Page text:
It is no secret how President Donald Trump feels about the Consumer Financial Protection Bureau (CFPB) and the Dodd-Frank Act. A few months in, and the Trump administration looks to restructure the CFPB with executive orders for a full review. Trump’s plans to cut back on regulations have been set into motion causing the average consumer to question the CFPB’s affect on everyday life.
Named for Senators Barney Frank and Chris Dodd, the bipartisan act—formally, it’s the Dodd–Frank Wall Street Reform and Consumer Protection Act—was responsible for creating more stringent rules regarding bank capitalization (that is, the amount of money that banks must have on hand), increasing compliance and reporting standards for banks, introducing stricter mortgage requirements, creating the Financial Stability Oversight Council (FSOC) and the Consumer Financial Protection Bureau (CFPB), and curbing excessive risk-taking and the existence of too-big-to-fail institutions on Wall Street.
The CFPB, a creation of the Dodd-Frank Act is essentially the watchdog for the average consumer in the financial marketplace. It’s main function is to make sure people understand the fine print and that financial institutions play by the rules. So it seems pretty obvious that the CFPB would benefit the everyday American.
Trump Administration Looks to Restructure the CFPB
In February Trump ordered a report outlining the laws and regulations that may conflict with his interests. Although controversial, some portions of the review may gain bi-partisan support. “While some targeted relief to community banks is appropriate, we cannot afford to undo Dodd Frank’s essential safeguards,” said U.S. Sen. Mark R. Warner (D-VA), a member of the Senate Banking Committee.
And surprisingly, as the Trump administration looks to restructure the CFPB, the Department of Justice questions the independent nature of the bureau, too. The CFPB is run by a single director that the president cannot remove at will, which could be ruled unconstitutional. However, other related orders by Trump, such as a delay of the Labor Dept’s “fiduciary rule” may meet more resistance. This ‘fiduciary rule’ requires financial advisers to put their clients’ best interests ahead of their own. A much lower standard of accountability about hidden fees and terms of agreement is expected from banks without this regulation.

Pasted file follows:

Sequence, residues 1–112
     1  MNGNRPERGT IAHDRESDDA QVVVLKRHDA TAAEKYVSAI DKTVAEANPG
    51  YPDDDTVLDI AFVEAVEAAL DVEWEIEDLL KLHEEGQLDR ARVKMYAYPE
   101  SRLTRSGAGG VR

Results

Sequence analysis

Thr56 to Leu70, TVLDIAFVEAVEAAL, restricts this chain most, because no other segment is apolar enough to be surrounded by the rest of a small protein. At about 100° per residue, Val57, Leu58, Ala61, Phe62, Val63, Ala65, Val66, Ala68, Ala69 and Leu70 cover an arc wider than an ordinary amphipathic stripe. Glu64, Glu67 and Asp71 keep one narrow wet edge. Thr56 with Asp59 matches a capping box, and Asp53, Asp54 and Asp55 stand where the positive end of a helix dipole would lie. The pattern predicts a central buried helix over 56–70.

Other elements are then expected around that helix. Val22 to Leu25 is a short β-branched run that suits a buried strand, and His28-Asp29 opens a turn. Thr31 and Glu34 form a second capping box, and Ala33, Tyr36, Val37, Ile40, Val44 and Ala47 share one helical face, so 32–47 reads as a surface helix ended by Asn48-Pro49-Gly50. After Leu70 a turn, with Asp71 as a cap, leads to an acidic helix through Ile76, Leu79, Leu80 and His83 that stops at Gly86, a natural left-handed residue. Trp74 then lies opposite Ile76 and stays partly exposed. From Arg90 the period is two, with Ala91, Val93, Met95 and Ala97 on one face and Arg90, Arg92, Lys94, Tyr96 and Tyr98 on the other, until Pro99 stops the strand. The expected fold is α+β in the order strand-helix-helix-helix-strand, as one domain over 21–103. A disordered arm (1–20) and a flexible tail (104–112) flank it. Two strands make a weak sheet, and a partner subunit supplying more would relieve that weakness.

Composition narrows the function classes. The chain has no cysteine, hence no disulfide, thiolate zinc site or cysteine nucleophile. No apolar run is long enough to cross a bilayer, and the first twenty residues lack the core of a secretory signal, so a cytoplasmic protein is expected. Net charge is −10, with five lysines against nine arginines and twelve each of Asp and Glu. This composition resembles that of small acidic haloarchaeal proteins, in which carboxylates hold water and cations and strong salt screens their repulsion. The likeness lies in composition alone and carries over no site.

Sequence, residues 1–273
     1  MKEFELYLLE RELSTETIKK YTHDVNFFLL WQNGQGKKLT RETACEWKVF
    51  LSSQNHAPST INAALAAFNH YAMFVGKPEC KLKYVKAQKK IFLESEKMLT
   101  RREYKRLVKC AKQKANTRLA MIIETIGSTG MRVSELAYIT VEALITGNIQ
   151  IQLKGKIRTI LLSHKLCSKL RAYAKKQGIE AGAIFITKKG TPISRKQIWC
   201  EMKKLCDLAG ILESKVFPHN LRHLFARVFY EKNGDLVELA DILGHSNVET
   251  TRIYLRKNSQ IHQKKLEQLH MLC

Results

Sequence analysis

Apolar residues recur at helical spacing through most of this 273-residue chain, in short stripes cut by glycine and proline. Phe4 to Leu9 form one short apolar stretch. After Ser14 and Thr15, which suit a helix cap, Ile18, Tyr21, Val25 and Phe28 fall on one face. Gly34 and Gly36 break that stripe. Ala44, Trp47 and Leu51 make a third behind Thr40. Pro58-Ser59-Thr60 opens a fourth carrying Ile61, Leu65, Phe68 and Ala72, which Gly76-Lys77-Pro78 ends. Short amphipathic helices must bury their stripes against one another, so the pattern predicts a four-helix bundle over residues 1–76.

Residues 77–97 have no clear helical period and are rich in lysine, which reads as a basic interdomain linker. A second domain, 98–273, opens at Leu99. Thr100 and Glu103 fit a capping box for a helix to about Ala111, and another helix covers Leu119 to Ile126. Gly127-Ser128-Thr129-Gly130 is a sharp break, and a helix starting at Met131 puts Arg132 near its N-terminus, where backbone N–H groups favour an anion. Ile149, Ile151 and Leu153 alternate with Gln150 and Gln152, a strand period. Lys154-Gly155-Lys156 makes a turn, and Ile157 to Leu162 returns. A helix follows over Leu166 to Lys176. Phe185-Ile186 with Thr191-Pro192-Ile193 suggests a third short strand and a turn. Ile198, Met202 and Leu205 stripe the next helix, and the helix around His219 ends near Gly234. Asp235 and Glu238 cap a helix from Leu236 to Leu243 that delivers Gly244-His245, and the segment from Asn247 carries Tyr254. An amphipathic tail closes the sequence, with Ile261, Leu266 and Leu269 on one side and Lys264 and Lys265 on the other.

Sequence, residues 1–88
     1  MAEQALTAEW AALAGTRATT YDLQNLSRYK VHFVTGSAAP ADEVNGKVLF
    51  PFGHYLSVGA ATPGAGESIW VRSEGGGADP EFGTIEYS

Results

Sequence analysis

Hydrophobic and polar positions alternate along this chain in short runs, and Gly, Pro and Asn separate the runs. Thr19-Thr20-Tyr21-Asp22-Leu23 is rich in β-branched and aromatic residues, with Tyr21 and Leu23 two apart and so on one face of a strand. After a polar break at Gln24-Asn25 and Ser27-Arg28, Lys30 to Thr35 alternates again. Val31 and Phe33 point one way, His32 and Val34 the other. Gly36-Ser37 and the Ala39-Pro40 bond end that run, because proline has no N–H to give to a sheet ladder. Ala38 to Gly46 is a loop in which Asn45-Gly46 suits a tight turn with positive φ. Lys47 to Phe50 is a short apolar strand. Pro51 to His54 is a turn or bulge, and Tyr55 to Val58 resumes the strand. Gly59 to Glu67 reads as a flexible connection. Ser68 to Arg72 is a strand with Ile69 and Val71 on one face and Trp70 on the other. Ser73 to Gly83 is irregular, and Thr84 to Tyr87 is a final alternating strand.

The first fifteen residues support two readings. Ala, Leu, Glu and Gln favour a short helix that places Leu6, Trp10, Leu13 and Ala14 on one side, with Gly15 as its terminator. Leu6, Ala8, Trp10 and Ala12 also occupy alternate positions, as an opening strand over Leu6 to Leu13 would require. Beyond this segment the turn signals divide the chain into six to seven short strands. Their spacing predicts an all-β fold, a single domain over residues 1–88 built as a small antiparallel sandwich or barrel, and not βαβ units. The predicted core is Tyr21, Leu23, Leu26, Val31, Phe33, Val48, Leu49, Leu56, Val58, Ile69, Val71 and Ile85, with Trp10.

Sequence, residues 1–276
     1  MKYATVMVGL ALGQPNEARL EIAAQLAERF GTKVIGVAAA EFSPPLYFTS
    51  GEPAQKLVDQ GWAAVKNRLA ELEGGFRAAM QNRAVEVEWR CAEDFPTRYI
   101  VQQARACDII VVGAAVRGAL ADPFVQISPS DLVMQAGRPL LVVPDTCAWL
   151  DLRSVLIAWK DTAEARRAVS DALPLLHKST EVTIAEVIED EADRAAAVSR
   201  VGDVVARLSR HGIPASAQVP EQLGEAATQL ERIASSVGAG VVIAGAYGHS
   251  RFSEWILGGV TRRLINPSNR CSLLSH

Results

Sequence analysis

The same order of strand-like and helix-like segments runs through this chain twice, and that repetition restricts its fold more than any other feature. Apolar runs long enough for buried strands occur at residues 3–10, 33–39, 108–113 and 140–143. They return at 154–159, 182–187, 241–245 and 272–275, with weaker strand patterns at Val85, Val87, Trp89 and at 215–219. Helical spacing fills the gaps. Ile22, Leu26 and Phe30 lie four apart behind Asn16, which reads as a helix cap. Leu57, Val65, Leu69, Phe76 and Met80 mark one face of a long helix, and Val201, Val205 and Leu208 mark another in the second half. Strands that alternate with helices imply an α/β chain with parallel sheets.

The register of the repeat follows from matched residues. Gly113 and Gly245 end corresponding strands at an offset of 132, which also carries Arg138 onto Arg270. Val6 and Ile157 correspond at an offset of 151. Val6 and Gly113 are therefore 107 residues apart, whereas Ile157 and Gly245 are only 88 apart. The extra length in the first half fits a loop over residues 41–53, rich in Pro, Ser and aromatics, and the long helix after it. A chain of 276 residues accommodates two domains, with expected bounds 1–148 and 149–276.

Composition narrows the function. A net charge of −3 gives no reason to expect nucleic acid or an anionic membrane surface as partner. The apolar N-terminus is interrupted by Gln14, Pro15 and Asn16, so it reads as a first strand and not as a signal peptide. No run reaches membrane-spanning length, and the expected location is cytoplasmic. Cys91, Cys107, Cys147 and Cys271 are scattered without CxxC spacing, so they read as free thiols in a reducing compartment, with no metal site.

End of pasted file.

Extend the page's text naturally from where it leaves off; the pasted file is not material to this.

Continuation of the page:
So, How Does this Affect the Average Consumer?
Well, won’t know exactly for at least several weeks when the report is due at the end of May. But the stage is certainly set for a rare showdown between two federal agencies in court. Not unlike other changes made by the Trump administration, this executive order can affect your life in very substantial, real ways.
Consumers are signing more and more contracts, that are unknowingly filled with forced arbitration clauses and immune to regulatory oversight. And these are not only contracts dealing with said ‘big banks’, they’re for essential consumer services like health insurance, child care, cell phones, credit cards, and nursing homes.
Whether from a bank, a credit union, or another financial company, the prevalence of financial scams in America is a bleak reality. And without the regulations of the CFPB, providers are less likely to explain the costs, risks, terms and penalties involved. As a result, hidden fees and undisclosed fines are free to run rampant. Especially now that fine print is buried on the last page of online transactions, even cautious consumers need protection. Critics believe that the direction of these changes could be sending us back to a pre-recession era when big banks ruled.
Ensure Consumer Protection from Hidden Fees
The timing couldn’t be better for consumers to take the matter of hidden fees into their own hands. Recently, in recognition of National Consumer Protection Week, the Consumer Federation of America called for Trump to give more power to consumers. They asked “for pocket-picking fees on goods and services to be included in ads and website pricing” which would allow consumers to have a clear picture of total costs and to compare competition.
Luckily, in the meantime, we have apps like FeeBelly that can offer some help in the direction towards justice. FeeBelly offers an easy way to scan documents for those pocket-picking fees. The app, available now, helps to give you peace of mind and put you in control of the agreements you make. However, should fail-safes like FeeBelly be needed? Shouldn’t the people still be able to rely on the CFPB regulations? The main concern of the Consumer Financial Protection Bureau is protecting you, the consumer, from unfair practices. And FeeBelly has the same goal.
© 2017 FeeBelly | ALL RIGHTS RESERVED